From Ryan Tannehill's botched snap resulting in a safety (for the second week in a row!) to Aqib Talib poking Dwayne Allen in the eye, Chris Burke's Sour Rankings rounds up the best of the worst of NFL's Week 9.
The updated Power Rankings arrive on Wednesday. But first, the Sour Rankings take a spin through the worst of the past week in the NFL …
10. Miami's snap woes
The Dan Campbell experience apparently ran out of steam after two weeks. After starting 2–0 under their interim coach, the Dolphins have lost back-to-back games. In each game, they've taken a safety due to center Mike Pouncey and QB Ryan Tannehill botching a snap near the end zone.
The latest miscue:
With his 28–23 win over the Jaguars on Sunday, Jets QB Ryan Fitzpatrick scored a bit of unusual history.
Fitzpatrick now has beaten Jacksonville as a member of the Bengals, Bills, Titans, Texans and Jets. Those last four have come in four successive seasons, quite the nod to Fitzpatrick's journeyman career.
8. Pat McAfee's hit
The Colts' punter never has been one to shy away from contact, so when Denver's Omar Bolden broke loose on a return just before halftime Sunday, McAfee wanted to make a play. One problem: There was a blocker between him and Bolden.
McAfee's solution: Try the ol' bank shot ...
It didn't work—Bolden stayed on his feet and took it to the house—but props for ingenuity. Bonus points for being a punter capable of blowing guys up.
7. Delanie Walker's touchdown
This is not how you play defense, New Orleans.
The Titans trailed 14–3 when this happened, then rallied to win in overtime. Who knows how things go down if either Jairus Byrd or Keenan Lewis manages to intercept this pass, thrown right to them by Marcus Mariota.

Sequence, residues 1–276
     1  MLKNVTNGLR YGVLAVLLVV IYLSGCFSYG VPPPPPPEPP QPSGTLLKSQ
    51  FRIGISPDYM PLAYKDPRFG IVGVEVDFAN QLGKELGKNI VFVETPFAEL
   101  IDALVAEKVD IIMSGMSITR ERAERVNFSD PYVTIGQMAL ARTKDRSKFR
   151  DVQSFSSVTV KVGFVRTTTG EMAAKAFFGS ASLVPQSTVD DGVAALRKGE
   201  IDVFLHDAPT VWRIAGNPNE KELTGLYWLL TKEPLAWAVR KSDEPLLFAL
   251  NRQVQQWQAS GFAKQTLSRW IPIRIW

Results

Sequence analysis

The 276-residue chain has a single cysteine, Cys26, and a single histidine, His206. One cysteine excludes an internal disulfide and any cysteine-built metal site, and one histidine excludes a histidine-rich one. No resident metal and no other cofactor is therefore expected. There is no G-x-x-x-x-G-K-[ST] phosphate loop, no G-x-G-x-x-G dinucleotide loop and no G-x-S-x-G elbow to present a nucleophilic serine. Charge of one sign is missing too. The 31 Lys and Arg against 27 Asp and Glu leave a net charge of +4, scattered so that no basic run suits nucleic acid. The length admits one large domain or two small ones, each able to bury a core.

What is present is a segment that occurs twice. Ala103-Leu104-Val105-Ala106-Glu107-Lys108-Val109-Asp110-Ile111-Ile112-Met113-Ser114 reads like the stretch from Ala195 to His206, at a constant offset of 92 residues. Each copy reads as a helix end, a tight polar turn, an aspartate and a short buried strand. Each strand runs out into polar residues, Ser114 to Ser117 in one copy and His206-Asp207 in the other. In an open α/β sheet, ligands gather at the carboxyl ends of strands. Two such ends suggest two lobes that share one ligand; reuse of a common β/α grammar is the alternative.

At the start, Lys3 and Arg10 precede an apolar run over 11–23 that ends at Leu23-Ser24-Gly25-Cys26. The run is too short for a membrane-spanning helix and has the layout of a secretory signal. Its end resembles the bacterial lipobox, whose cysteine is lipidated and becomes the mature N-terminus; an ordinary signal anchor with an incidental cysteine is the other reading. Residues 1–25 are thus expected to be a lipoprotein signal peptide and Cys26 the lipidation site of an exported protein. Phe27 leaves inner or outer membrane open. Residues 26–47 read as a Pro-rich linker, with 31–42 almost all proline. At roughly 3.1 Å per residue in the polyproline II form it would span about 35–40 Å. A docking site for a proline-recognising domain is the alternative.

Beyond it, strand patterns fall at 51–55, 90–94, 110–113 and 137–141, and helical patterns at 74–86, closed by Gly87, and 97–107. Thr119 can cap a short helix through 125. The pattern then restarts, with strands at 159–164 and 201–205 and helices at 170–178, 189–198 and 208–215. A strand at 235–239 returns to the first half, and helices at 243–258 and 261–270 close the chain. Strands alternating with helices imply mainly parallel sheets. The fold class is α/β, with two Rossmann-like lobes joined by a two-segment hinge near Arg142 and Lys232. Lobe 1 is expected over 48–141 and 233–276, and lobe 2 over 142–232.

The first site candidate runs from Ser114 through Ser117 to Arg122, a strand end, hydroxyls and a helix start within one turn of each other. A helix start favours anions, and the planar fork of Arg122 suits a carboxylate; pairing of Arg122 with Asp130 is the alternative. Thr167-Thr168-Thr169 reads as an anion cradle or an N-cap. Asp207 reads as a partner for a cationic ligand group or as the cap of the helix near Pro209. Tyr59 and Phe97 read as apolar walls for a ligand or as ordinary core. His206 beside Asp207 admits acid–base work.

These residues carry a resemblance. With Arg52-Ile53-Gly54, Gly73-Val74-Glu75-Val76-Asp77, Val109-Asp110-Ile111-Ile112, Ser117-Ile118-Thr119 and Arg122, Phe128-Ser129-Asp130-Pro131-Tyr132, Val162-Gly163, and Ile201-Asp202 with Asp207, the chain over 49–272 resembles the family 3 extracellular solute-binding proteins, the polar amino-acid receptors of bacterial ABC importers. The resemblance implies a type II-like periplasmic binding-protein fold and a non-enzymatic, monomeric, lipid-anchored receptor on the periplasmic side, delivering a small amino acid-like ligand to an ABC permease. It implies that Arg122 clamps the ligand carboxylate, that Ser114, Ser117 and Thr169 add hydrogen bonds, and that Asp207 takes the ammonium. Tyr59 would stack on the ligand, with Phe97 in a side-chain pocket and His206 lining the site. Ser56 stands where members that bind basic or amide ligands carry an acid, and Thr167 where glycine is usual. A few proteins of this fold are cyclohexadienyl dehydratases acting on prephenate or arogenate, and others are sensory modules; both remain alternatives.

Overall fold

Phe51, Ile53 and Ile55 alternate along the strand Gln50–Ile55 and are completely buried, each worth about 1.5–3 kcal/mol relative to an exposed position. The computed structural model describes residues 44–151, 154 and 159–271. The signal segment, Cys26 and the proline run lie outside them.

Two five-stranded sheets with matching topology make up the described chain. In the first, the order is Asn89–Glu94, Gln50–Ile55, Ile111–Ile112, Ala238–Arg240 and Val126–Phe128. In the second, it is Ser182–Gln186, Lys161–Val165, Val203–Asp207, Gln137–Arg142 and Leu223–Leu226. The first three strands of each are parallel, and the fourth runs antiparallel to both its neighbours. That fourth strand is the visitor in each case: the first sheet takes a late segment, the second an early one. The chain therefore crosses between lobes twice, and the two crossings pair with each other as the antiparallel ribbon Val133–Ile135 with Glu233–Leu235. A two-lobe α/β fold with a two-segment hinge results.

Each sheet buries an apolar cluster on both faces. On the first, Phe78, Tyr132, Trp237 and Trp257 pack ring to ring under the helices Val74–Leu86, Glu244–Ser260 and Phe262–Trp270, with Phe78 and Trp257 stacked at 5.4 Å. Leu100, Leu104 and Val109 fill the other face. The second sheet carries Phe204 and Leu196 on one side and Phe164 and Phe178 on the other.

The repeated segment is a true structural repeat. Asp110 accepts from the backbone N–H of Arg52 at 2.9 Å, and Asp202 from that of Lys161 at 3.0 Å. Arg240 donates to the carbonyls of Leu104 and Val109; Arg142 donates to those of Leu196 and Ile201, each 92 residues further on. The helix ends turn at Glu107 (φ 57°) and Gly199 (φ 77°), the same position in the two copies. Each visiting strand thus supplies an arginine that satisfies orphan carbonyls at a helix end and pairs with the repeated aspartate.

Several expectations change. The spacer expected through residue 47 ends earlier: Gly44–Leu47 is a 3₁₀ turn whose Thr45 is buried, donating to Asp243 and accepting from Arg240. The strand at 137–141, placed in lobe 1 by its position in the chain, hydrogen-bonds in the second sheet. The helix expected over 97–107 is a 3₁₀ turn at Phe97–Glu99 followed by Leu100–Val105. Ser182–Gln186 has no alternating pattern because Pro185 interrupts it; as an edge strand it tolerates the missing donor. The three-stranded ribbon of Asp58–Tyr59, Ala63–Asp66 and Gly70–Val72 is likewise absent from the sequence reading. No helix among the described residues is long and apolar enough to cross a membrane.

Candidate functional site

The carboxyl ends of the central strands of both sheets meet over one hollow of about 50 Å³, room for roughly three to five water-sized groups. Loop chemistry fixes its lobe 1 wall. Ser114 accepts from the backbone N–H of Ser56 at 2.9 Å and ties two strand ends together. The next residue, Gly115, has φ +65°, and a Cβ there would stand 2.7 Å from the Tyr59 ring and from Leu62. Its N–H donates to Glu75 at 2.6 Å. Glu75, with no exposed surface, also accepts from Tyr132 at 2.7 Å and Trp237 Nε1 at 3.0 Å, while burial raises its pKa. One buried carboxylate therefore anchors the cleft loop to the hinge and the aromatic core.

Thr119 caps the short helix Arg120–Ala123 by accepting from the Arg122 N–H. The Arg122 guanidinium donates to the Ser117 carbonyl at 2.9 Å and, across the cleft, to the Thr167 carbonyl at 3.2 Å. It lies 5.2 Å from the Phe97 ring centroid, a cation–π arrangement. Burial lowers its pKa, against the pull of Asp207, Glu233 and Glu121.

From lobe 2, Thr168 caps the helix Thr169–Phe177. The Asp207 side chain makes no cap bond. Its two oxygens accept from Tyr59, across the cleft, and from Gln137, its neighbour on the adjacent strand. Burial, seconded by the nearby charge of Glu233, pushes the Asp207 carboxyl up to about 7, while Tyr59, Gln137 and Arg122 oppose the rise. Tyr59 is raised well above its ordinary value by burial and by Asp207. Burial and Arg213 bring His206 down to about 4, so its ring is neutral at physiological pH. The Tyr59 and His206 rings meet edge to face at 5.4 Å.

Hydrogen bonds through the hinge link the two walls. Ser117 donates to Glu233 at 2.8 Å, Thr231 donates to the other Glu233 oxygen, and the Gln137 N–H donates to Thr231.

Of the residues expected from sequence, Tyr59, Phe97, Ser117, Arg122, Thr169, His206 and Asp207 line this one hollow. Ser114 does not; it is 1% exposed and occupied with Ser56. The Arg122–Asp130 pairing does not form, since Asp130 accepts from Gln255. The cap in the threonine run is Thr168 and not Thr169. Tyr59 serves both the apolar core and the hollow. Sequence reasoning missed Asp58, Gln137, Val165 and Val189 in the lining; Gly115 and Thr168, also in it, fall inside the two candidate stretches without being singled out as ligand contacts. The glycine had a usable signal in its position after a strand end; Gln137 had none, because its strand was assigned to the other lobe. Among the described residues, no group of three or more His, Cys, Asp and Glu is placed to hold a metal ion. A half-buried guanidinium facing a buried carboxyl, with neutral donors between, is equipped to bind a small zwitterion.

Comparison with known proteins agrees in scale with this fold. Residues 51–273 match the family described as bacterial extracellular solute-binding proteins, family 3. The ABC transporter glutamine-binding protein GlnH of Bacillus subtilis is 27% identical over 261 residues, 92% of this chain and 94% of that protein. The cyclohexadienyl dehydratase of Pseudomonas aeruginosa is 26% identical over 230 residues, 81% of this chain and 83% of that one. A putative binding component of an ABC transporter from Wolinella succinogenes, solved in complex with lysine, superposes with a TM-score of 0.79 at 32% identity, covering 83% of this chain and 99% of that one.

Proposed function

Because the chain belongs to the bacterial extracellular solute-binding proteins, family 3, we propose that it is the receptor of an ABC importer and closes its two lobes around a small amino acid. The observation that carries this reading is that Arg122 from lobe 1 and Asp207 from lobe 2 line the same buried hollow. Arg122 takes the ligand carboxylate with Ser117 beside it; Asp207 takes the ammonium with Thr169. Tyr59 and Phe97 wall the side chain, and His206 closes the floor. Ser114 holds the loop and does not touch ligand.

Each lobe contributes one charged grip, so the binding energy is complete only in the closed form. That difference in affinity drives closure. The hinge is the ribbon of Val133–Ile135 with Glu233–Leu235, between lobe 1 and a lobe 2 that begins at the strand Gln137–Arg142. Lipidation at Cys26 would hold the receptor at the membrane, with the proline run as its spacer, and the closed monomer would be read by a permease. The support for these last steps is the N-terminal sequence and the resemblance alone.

6. Ndamukong Suh disagrees with a call
Kind of easy to side against Suh during any in-game arguments, but he had a point on this one. With Buffalo facing a third-and-four from the Miami 34, Suh got to QB Tyrod Taylor and had him wrapped up for a potential sack. Rather than finish the tackle and risk an unnecessary roughness call, though, Suh merely spun Taylor around.
In the process, Taylor managed to throw the football out of bounds, resulting in an incomplete pass. Suh's response to the decision was R-rated: “You've got to blow that dead or I'm gonna slam the f*** out of him next time.”
The sack gone, Miami accepted a holding penalty, giving Buffalo another third-down chance. And Taylor promptly fired a touchdown to Sammy Watkins.
4. Mike Zimmer vs. Jeff Fisher
The Vikings lost starting QB Teddy Bridgewater to a concussion Sunday, brought on when St. Louis's Lamarcus Joyner hit Bridgewater high as the quarterback was sliding. Understandably, the Vikings were none too pleased.
Zimmer barely slowed down to shake Fisher's hand once the game ended (Minnesota won in OT), then later the Vikings' coach added this: "I would say if we were in the street, we probably would have had a fight."
3. Rob Riggle's Adele parody
I'm almost positive that Riggle has yet to land one of his FOX pregame show skits on the Sour Rankings list, but credit where it's due. This mockery of the NFC East, set to Adele's “Hello,” is pretty terrific.
Because we can't go a week without someone getting mad at Cam Newton about something ridiculous ... Before his team moved to 8–0 with a win over the Packers, Newton took it upon himself to rip down a "North Carolina Cheesehead" sign hung by some Green Bay fans at Bank of America Stadium.
The man who owned the sign, Mike Dobs, reported to police that it had been stolen. He says he's giving the Panthers 48 hours to make it up to him before taking “further action,” the Fayetteville Observer reported. Dobs says the sign cost him $500.
Also happening in the stands during the Panthers-Packers game: This.
Everybody calm down.
Talib can expect to hear from the league office for this idiotic, dirty move he pulled late in Sunday's loss to Indianapolis.
He'll probably hear from his teammates, too, because without the penalty that resulted from Talib's intervention on the Dwayne Allen-Von Miller disagreement, the Broncos likely would have gotten the ball back late, down by six. Instead, Indianapolis (with the help of another call on Denver) ran out the clock.